Thousands of high school and university students around the world are skipping school to raise awareness about global climate change
- Greta Thunberg – leading highschool activist for climate change
Greta Thunberg, a schoolgirl from Stockholm, Sweden, decided to protest against carbon emissions and its impacts on the global climate. Despite starting humbly by herself, she has grown an extensive international movement that has captured the attention of students around the world and the governments responsible for greenhouse gas emissions.
Since her initiation of the school walkout, demanding action on climate change in Europe, other students who were inspired by her are also starting their own movements in their communities.
Unravelling of the Climate Protest
On August 20th, 2018, Greta Thunberg decided not to attend school in an effort to demand action for climate change, especially pointing out the recent wildfires and heatwaves in Sweden. Thunberg protested in front of the Rikstag every day during school hours, holding up a sign reading “Skolstrejk för klimatet” (“school strike for climate”). Among her protest, she demanded the government to stay within the limit of carbon emissions according to the Paris Climate Agreement. On 7 September, just before the Sweden general elections, she announced that she would continue to strike every Friday until Sweden aligns with the Paris Agreement, hence coining the slogan, “FridaysForFuture”, which gained global attention.
With the rise of protests in other countries in Europe, North America, and Australia, many adults and political figures criticize the students for causing administrative problems in the school and putting activism above one’s own education. Prime Minister Theresa May of the United Kingdom criticised the strikes as “wasting lesson and teaching time”, and Prime Minister of Australia Scott Morrison called for “more learning and less activism” following the strikes. In addition, Australia’s Education Minister Dan Tehan suggested that “if school students feel strongly about a cause, then they should protest in their own time in the evenings or on weekends.” Instead of diverting the argument, the adult’s comments fuel the momentum of the protests as the movement would prove that climate action is more important than school. Ironically, the students respond that there would be nothing to learn if they do not have a future, shutting down some critics. Thunberg, who was also concerned with the political figures who were admonishing the students or ignoring the strikes stated, “[the government is] desperately trying to change the subject whenever the school strikes come up. They know they can’t win this fight because they haven’t done anything.”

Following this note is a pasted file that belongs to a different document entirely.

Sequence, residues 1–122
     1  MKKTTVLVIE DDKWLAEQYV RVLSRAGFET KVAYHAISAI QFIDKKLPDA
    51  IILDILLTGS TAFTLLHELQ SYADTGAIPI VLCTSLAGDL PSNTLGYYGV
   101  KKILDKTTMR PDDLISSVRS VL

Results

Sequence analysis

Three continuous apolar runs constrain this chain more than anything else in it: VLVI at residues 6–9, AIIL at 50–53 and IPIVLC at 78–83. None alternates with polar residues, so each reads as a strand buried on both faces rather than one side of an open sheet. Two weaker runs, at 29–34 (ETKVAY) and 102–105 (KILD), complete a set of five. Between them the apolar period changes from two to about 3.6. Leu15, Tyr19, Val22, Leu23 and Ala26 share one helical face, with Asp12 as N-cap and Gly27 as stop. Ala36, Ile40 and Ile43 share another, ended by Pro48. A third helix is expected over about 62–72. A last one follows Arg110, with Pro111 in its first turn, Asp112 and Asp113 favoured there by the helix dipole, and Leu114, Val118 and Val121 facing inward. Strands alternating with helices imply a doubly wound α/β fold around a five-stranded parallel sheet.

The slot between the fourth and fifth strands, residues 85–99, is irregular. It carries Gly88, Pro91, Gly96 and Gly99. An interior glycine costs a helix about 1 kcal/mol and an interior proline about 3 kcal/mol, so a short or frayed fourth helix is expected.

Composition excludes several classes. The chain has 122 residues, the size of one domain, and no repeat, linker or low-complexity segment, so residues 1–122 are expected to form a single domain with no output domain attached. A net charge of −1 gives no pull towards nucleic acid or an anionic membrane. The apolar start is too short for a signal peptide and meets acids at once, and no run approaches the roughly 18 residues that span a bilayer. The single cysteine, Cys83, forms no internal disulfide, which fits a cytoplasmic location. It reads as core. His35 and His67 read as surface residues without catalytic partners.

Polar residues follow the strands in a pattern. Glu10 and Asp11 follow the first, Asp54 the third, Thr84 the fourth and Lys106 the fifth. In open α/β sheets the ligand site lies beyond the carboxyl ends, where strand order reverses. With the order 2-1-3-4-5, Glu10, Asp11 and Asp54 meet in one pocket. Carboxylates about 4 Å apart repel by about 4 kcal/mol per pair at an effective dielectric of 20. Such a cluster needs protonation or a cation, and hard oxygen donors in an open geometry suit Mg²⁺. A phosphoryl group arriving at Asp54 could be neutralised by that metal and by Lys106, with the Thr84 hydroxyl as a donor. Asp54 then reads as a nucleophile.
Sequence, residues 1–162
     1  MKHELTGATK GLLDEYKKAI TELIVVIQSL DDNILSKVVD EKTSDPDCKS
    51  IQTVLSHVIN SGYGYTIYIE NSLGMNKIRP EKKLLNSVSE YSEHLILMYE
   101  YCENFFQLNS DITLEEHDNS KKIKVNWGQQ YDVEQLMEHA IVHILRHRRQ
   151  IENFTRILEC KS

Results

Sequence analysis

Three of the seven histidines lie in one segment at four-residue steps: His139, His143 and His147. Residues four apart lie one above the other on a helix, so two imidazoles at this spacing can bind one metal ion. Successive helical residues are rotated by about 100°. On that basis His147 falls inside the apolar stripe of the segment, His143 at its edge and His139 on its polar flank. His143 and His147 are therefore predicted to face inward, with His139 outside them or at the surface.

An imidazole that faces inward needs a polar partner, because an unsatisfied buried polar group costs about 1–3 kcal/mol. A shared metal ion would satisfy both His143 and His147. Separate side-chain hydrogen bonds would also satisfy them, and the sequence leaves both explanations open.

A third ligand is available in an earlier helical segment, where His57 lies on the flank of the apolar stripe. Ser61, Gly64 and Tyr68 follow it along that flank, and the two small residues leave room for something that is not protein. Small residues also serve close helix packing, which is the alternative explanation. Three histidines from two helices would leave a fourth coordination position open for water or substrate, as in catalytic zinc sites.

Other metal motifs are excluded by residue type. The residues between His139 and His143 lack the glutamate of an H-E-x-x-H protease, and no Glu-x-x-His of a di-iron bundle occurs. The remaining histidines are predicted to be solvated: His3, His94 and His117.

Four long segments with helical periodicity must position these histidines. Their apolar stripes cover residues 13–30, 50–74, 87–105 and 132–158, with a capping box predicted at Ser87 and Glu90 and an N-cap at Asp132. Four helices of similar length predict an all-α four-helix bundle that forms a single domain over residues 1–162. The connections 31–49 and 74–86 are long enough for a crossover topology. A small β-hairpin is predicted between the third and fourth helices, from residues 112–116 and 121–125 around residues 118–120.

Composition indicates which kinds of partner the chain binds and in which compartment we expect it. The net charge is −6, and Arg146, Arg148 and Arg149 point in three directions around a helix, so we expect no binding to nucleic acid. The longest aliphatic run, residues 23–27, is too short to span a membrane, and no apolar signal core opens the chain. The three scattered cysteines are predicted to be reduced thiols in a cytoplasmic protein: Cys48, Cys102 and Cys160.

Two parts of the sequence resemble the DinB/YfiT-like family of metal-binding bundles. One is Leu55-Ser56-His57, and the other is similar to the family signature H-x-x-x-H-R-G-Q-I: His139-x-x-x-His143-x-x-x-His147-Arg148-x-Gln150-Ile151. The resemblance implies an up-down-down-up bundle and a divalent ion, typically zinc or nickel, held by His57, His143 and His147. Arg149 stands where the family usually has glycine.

Thunberg’s candidness has found an audience who are exhausted by the government’s empty promises and strived to find a climate leader to raise their voices against climate change. The rise has not faltered as it has been supported by many scientists and activist organisations. Not only do the masses consist of students, but also climate professionals and various climate action organisations. The school strikes for climate action does not appear to weaken but have gathered a wider range of support from the adults and a continuous growth of student support around the world.
Watts, Jonathan. “Greta Thunberg, Schoolgirl Climate Change Warrior: ‘Some People Can Let Things Go. I Can’t’.” The Guardian, Guardian News and Media, 11 Mar. 2019, www.theguardian.com/world/2019/mar/11/greta-thunberg-schoolgirl-climate-change-warrior-some-people-can-let-things-go-i-cant.
“School Strike for Climate.” Wikipedia, Wikimedia Foundation, 17 May 2019, en.wikipedia.org/wiki/School_strike_for_climate.